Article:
Five Bad Arguments Against Divestment

Photo: Augustine Ruiz.

Last year, Glasgow University became the first university in Europe to commit to fossil fuel divestment. Since then SOAS and Bedford have followed suit. Who, one wondered, would be next? The obvious answer was Edinburgh. Edinburgh has long prided itself on its ethical credentials. It was the first university in Europe to sign up to the UN Principles of Responsible Investment. In 2014, it set up the Department for Social Responsibility and Sustainability, which swiftly launched a consultation on investment policy. The Just World Institute contributed by issuing a response document and collaborating in a packed out public debate. Finally, in the autumn, the matter moved to another level: the university set up a committee to formally consider the future of its £290 million endowment.   Divestment seemed like a real possibility.

But the university has chosen not to divest. It will keep its shares and seek to engage with fossil fuel corporations instead. Student campaigners are not impressed. They have occupied a university building, attracting significant media attention.

The argument for divestment is straightforward. We are on the verge of runaway climate change with disastrous consequences for billions of people across the world, especially the poor. The fossil fuel industry has refused to switch to renewables and continues to lobby government against a sustainable solution. Given this context, the university would seem to have a negative duty not to profit from actions that cause misery to others and a positive duty to take reasonable measures to signal its desire for change.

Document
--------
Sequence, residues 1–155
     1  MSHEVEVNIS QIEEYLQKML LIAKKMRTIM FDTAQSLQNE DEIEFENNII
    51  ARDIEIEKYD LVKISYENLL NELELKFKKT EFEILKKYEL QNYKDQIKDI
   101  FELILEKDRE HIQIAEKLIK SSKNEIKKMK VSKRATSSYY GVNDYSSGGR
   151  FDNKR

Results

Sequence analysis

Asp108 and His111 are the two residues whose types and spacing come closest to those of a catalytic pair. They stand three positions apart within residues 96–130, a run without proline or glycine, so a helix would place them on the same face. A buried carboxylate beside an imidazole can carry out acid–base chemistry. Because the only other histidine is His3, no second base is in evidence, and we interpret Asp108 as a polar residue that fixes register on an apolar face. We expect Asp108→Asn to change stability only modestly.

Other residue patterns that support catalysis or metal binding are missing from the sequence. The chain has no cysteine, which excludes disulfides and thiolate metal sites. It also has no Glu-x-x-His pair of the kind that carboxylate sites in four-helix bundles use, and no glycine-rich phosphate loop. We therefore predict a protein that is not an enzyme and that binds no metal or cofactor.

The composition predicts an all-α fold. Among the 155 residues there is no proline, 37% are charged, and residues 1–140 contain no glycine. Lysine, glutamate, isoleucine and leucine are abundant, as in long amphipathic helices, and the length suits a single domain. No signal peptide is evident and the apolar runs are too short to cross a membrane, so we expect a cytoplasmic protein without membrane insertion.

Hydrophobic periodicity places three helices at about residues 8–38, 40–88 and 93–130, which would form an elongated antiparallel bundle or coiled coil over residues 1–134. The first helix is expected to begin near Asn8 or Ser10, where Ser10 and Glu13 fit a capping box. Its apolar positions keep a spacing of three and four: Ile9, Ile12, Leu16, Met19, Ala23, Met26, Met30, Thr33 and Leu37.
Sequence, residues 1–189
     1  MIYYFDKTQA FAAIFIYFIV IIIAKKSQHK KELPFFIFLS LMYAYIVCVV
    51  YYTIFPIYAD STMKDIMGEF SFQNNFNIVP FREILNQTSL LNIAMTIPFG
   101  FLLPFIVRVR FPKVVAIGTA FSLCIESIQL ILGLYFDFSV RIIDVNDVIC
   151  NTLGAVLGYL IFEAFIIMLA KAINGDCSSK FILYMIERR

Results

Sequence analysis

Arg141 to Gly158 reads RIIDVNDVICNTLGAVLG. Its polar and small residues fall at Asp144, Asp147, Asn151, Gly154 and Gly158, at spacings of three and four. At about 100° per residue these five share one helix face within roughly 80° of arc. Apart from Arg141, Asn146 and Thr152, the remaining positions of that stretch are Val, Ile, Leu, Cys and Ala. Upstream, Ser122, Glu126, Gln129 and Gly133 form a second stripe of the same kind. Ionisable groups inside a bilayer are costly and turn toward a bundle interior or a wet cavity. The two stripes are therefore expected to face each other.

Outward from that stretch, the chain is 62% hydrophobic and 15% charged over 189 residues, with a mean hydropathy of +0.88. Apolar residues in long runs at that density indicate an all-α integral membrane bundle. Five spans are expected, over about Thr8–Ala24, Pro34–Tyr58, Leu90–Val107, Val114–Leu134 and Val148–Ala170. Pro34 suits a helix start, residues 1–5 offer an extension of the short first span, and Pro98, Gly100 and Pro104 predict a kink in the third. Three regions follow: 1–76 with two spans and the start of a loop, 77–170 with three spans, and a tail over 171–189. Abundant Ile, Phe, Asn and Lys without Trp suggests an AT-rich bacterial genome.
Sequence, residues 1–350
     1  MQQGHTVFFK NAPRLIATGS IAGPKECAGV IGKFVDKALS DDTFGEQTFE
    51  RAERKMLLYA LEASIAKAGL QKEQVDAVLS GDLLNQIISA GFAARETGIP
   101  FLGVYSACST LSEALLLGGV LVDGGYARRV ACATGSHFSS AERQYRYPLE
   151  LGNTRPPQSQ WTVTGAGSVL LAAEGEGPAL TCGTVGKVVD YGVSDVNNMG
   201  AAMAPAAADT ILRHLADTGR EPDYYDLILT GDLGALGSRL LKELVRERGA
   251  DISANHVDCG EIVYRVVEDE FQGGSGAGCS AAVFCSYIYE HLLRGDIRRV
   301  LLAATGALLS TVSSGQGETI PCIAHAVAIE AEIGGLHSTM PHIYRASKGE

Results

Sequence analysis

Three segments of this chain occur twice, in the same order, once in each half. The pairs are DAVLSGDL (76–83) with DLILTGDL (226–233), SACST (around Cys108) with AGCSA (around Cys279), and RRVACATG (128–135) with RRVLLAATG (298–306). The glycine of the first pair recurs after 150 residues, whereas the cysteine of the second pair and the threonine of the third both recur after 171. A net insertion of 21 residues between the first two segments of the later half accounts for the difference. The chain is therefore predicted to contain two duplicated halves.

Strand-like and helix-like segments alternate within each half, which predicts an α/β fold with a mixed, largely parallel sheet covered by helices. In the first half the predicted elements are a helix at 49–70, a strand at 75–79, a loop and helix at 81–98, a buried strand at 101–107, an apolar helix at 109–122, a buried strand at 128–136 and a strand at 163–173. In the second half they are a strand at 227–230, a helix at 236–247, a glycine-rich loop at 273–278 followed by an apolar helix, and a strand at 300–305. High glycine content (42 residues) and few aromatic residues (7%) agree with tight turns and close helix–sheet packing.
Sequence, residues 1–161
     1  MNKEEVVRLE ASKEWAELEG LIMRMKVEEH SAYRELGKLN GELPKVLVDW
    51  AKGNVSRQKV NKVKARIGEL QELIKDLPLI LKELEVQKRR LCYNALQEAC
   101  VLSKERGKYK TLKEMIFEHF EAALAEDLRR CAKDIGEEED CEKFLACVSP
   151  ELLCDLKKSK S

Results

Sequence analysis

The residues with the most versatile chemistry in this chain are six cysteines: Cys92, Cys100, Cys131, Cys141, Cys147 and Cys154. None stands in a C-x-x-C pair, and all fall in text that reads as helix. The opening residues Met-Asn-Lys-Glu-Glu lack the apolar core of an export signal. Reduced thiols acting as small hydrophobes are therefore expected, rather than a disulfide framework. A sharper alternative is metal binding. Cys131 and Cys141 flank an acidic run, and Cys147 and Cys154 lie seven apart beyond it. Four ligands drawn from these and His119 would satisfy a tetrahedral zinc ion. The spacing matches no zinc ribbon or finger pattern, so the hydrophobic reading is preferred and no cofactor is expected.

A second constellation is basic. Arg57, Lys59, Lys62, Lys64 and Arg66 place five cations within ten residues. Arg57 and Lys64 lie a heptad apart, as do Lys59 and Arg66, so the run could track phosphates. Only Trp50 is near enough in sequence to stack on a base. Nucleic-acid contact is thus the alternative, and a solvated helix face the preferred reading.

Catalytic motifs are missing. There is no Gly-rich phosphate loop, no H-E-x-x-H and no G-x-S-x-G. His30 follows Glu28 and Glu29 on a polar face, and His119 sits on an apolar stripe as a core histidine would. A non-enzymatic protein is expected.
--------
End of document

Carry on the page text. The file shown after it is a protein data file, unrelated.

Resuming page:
Archbishop Desmond Tutu has endorsed the divestment campaign, arguing that “People of conscience need to break their ties with corporations financing the injustice of climate change”. Photo: CIDSE.

So why did the university choose not to divest? It is hard to say for sure. Perhaps there are some powerful anti-divestment arguments and these proved decisive when university’s committee considered the issue. Nevertheless, some of the arguments that have been given (in the university’s press release and elsewhere) are surprisingly weak. Here are five:

  1. The world is currently dependent on fossil fuels. An abrupt shift away from their use would impact on the well being of some of the world’s poorest communities.

This would be a good argument if the divestment campaign were seeking to stop all fossil fuel use immediately. But it isn’t. Instead, it seeks to pressure government and industry to begin a measured transition to clean energy. The current course set is towards environmental catastrophe. Inertia is strong; political will weak. There is then no danger that the divestment campaign will prove too successful. But if this really were a concern, there is a solution the university could have adopted: to divest gradually, over many years. This is precisely what Glasgow committed to do.

Student occupation

Students occupy Charles Stewart House, following Edinburgh University’s decision not to divest. Photo: Andrew Perry.